Being a therapist is weird sometimes. I spend my working life meeting with folks, hearing their stories, helping them hear and understand one another better, and cultivating with them relationships that are worth being a part of. And then I come home where I have to navigate my own world and relationships, with a self-imposed expectation that I'm going to get it right the majority of the time. Well, I don't. And I'd wager to say most therapists don't practice what we preach often enough simply because relationships are hard work. However, I recently had an experience with my husband that's worth sharing.
We've been having the same fight about the same topic for about a year and a half now. Since our daughter was born, we've been struggling to figure out how to redistribute the plethora of newfound responsibilities and at the end of the day feel loved, supported, and equally valued by one another. Basically, we are like every other new parent. A friend recently asked, "Do you always know how to deal with conflict with your husband?" The truth is, often I do. And often I can't muster the resolve or energy to actually do it. It's as if I'm driving a speeding car, knowing I'm going to crash, knowing how bad the crash is going to be, knowing how long it's going to take to recover because I specialize in crash safety, but hitting the gas as the same. "You know it's going to be bad if you keep this up" is the voice I'll hear in my head. "You know if you'd do all the stuff you help couples do in therapy that you'd have a different outcome".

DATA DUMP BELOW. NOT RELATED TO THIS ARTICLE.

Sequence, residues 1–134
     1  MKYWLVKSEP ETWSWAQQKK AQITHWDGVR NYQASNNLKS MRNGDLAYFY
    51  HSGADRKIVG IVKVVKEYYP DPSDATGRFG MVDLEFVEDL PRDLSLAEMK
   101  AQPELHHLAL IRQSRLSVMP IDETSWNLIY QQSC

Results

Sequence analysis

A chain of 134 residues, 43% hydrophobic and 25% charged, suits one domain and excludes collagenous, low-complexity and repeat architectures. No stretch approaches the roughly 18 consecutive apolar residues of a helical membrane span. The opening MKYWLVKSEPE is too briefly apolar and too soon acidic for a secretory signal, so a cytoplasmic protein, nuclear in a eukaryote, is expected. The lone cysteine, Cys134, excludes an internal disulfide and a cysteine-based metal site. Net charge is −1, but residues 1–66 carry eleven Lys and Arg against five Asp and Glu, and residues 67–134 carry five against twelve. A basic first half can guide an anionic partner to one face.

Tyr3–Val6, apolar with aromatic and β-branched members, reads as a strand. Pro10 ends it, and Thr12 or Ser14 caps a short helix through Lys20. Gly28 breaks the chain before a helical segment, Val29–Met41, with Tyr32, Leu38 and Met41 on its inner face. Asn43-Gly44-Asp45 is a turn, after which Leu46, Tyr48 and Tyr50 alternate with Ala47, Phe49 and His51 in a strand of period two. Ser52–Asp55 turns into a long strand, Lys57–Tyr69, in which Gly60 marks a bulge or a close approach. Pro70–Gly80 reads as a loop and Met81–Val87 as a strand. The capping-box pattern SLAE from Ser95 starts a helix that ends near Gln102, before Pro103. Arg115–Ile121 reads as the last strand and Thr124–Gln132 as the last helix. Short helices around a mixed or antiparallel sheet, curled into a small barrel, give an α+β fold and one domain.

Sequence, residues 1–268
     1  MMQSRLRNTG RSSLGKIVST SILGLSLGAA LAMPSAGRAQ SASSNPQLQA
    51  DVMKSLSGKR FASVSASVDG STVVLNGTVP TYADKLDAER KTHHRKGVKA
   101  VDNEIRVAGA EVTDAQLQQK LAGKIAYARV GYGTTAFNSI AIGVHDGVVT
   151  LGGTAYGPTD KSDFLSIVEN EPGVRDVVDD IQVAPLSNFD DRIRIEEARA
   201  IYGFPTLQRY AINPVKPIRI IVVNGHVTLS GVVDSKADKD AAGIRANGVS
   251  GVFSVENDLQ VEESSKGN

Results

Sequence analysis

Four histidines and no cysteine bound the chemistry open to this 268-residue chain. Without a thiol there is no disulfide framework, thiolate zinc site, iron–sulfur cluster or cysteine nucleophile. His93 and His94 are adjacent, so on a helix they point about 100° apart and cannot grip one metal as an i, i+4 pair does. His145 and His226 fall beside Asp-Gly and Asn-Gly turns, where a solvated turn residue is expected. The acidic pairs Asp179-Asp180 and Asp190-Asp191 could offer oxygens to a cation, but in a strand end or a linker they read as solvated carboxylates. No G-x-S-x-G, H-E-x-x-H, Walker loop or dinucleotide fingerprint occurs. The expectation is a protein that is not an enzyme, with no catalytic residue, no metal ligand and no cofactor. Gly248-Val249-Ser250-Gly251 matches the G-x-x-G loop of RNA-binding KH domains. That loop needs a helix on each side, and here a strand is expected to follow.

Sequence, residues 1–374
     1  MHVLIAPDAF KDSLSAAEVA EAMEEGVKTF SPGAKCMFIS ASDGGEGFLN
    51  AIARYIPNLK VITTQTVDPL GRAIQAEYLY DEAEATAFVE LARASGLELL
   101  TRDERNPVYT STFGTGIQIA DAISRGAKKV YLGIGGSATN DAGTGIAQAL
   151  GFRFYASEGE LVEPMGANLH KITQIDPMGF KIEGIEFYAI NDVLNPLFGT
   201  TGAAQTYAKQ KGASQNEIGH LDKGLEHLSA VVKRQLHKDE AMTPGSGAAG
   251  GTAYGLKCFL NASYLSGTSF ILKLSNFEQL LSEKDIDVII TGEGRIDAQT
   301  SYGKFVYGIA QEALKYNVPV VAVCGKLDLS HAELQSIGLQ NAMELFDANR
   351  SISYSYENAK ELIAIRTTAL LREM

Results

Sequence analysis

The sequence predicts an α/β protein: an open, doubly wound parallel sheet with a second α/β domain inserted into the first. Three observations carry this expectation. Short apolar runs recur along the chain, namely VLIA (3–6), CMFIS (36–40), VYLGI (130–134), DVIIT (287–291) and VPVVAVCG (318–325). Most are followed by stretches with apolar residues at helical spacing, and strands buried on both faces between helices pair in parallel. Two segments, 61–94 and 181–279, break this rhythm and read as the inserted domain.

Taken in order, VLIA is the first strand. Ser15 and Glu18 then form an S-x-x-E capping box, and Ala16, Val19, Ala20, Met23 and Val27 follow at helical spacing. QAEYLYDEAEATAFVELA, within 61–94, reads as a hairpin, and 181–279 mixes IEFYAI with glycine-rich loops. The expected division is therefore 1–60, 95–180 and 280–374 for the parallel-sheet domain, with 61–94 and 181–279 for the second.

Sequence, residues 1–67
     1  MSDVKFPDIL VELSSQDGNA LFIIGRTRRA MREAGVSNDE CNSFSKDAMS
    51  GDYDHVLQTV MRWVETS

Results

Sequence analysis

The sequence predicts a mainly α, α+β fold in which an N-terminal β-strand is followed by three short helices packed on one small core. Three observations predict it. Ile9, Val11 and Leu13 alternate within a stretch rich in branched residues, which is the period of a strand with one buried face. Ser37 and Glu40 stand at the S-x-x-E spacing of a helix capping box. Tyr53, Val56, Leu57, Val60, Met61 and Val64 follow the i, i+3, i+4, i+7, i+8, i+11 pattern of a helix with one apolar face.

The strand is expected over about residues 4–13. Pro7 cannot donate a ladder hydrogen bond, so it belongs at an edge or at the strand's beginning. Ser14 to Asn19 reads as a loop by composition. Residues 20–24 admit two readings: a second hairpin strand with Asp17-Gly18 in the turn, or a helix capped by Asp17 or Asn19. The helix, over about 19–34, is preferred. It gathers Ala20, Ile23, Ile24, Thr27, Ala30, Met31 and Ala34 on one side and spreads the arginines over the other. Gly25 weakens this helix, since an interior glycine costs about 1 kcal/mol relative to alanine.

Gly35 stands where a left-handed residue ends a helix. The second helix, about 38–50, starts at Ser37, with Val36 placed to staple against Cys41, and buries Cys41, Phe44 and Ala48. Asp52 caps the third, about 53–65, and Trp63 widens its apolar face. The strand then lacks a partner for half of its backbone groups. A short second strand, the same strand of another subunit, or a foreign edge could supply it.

The fight we recently had lasted from about 11:30am until around 3:00pm. We started off like we usually do. Trying to get our points across, frustrated that we are still having this fight, frustrated that the other doesn't seem to understand what we're saying. We went on like this for about 30 minutes. Then went to separate rooms. We tried again about 15 minutes later. Same thing. And again about an hour later. Same f*cking Thing. My husband is usually very composed, and quite funny. And even in a conflict, he is usually very thoughtful and articulate, sans the humor. I went into the room he was in for the fourth time. Usually, this process ends after the second or third round of fighting with us just deciding we need to go see our therapist. However, the fourth time was why this fight ended differently. I went in and told him that no matter what, I didn't want to be unkind. Something I've said before but usually with the caveat that I really want him to understand my hurt and how I go from hurt to angry, and from angry to sharp. It's true. I don't ever want to be unkind, and yet sometimes I am.
Here's what happened on the fourth try. I decided to just listen. We weren't getting anywhere with this back and forth. He talked for a while, some sharing how my words impact him and impact his feelings towards me, some processing his own feelings about things separate from me. As he talked, I could sense waves of empathy towards him. I would listen for a few more minutes, and then begin to feel my body get warm all over with impatience and defensiveness. Everything in me wanted to blurt out "BUT WHAT ABOUT MY FEELINGS?!”, “DO YOU NOT SEE HOW YOU CONTRIBUTE TO THIS?!” I would breathe, and then begin to feel empathy again. And then impatience again, and frustration again.